My last post about World Book Day

As anyone who knows me or follows my blog and twitter account will know, I have had a bit of a problem with World Book Day – not the celebration of books, bookshops and reading but what I perceived as missteps in their organisation of WBD 2018 (and also some issues with WBD 2017). Rather than rehashing what I have already written, you can read my thoughts here and here.

I did try and engage with the organisation on social media in an attempt to have a public discussion about my concerns but to no avail, so on the 19th February I sent them an e-mail. You can read it below.

To whom it may concern

I have a number of conflicted feelings about World Book Day, on one hand I am a massive supporter of getting young people reading and into bookstores but on the other hand I feel that World Book Day ltd has made a number of missteps recently, some of which which I have publicly criticised on TeenLibrarian and via social media.

I dislike the idea of criticism without allowing a response and not having been able to engage with you via social media I wondered if a representative from WBD would be able to answer some questions regarding the issues I feel have arisen?

My questions are below.

Firstly, the YA offer this year

Why did it take three months for the YA titles to be announced instead of during “the coming weeks” as reported in the Guardian? (https://www.theguardian.com/books/2017/oct/02/childrens-authors-slam-celebrity-heavy-world-book-day-lineup)

Regarding the £1.50 YA premium on top of the WBD voucher, I am aware that they are full novels and are still considerably cheaper than a non-WBD branded copy book would cost; but do you not think that this will further alienate young people from impoverished backgrounds*; not to mention the young people go to a participating bookshop or supermarket to pick up a book with their voucher and find out when they get to the till that they have to pay.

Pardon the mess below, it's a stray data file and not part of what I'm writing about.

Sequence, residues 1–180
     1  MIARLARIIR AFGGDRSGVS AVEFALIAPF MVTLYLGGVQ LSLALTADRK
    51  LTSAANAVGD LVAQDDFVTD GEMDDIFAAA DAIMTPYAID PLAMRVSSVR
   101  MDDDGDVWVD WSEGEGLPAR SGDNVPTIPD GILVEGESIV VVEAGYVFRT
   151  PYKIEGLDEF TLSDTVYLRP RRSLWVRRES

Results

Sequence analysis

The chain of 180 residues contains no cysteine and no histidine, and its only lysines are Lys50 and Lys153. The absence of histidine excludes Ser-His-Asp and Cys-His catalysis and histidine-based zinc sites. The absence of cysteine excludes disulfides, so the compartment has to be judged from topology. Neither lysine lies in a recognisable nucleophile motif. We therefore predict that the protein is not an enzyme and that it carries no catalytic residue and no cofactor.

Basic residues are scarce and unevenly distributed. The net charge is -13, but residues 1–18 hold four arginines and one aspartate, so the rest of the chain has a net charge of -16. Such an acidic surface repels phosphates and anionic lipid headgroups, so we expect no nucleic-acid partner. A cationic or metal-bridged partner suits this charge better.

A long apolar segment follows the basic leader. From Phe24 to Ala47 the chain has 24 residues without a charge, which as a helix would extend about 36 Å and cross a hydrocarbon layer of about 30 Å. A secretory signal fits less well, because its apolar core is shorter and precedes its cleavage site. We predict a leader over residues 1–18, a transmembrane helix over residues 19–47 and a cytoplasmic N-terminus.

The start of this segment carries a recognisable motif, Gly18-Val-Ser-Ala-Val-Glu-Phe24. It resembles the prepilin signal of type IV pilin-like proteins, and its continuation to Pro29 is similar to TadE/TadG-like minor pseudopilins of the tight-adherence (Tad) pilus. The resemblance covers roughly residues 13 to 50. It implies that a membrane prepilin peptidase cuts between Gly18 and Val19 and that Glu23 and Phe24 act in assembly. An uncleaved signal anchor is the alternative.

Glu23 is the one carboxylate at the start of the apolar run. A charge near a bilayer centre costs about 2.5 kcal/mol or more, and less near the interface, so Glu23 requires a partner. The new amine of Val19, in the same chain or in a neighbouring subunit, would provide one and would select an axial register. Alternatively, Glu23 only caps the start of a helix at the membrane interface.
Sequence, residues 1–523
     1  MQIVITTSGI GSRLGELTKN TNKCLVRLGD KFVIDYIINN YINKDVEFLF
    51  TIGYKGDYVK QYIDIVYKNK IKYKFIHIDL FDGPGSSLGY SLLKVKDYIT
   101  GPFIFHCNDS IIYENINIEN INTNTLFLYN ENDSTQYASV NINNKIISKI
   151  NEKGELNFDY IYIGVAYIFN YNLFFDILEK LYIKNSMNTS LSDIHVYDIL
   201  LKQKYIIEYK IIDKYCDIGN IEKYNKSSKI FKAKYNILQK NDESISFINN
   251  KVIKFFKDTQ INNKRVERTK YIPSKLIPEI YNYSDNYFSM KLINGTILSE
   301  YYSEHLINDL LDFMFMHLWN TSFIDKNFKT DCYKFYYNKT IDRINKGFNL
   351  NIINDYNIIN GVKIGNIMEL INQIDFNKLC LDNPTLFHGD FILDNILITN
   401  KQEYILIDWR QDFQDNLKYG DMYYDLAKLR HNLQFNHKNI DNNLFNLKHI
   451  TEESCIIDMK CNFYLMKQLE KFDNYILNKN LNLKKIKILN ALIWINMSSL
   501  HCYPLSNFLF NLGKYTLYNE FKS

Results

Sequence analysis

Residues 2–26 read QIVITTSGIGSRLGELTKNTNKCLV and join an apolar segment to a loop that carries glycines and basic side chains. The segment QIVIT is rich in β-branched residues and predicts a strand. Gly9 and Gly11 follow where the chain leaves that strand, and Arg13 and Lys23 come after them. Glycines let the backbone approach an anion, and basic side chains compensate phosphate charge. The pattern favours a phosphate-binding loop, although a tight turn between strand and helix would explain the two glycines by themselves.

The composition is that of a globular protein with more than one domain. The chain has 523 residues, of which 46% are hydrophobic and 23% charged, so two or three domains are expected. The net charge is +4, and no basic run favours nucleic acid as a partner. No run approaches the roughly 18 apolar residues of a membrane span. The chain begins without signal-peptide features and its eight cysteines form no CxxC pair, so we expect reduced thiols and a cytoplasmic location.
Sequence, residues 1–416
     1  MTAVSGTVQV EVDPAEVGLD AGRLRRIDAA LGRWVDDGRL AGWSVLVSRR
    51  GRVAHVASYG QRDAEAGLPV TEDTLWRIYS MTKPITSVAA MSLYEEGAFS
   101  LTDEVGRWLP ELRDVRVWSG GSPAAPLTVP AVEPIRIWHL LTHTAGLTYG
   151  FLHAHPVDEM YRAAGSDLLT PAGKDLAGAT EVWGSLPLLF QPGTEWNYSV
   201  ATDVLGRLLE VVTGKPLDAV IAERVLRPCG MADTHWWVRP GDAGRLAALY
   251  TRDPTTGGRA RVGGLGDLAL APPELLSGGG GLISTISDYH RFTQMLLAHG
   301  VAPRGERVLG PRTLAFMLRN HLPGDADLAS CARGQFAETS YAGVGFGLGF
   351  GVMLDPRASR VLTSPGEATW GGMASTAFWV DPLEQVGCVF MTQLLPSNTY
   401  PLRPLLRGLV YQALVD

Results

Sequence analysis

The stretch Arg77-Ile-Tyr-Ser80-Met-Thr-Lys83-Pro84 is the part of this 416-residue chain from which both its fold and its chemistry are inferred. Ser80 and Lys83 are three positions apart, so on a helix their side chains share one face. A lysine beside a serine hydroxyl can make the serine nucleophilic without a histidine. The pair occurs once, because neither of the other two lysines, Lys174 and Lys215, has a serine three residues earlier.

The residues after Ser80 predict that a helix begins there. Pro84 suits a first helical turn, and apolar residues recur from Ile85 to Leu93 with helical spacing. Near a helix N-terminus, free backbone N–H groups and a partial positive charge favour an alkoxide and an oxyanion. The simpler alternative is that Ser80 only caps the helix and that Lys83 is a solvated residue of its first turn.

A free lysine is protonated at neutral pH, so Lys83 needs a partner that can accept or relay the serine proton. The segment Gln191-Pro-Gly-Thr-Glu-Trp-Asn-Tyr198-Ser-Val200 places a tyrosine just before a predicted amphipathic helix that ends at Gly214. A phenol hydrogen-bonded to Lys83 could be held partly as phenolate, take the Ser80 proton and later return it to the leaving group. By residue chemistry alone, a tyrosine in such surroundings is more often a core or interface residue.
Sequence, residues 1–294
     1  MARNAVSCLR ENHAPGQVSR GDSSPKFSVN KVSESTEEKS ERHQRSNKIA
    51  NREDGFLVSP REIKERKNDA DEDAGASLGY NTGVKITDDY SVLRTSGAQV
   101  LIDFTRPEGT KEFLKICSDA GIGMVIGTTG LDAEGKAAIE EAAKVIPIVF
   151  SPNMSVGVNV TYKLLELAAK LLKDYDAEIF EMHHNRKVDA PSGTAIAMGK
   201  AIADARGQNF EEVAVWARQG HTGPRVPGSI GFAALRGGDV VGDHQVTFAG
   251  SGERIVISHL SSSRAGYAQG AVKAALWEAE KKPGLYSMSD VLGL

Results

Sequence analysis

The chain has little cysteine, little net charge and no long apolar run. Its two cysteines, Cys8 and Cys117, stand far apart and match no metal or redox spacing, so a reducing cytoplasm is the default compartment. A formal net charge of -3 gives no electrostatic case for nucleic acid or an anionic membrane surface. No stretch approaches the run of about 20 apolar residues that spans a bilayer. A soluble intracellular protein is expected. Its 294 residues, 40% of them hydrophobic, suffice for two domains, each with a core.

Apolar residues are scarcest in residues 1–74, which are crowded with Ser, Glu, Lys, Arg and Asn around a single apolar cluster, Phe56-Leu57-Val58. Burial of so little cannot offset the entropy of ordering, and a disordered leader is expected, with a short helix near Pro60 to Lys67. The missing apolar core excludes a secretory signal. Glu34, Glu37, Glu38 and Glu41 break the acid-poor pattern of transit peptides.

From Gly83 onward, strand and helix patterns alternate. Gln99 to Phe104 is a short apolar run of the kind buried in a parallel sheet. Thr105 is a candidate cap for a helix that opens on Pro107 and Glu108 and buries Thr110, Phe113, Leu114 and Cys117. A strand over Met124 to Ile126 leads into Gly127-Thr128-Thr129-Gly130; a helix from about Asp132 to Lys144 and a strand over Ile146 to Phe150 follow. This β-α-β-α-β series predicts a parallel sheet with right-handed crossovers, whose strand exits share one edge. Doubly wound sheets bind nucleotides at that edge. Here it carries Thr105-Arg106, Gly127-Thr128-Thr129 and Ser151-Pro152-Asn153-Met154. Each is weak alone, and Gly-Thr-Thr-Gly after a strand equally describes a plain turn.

I also note on your website that the YA ‘special editions’ will be available in participating retailers only – will these retailers be listed to help shoppers find the books they are looking for? Are you not concerned that this will exclude older readers who wish to participate in World Book Day but do not live near a participating store?

Secondly the proliferation of the World Book Day logo on advertising costumes on posters in malls and in supermarkets. Contrary to popular belief I am not against dressing up to celebrate one’s favourite books for World Book Day, but is not using your logo to sell costumes a contravention of the style guide usage policy which states that the logo should only be used on materials promoting books?

I also fear that the dress-up aspect of the day is occluding the celebration of reading which forms a central part of World Book Day. An online search for “World Book Day” returns mostly news articles on where to find the most affordable costumes and news that a Welsh language book will be available for the first time.

Thank you for taking the time to consider these questions

Matt Imrie
Editor: Teen Librarian

*There were 3.9 million children living in poverty in the UK in 2014-15. That’s 28 per cent of children, or 9 in a classroom of 30 and this number is projected to rise by 2020 [source: http://www.cpag.org.uk/child-poverty-facts-and-figures]

I received a response on Friday the 9th but owing to a school trip and family obligations over the weekend I only received it today. You can read it in full below

Download (PDF, Unknown)

I appreciate the Director Kirsten Grant taking the time to personally respond to my questions, it made for interesting reading and while my fears have not been completely allayed (or answered fully) I look forward to seeing what happens with WBD in the future.

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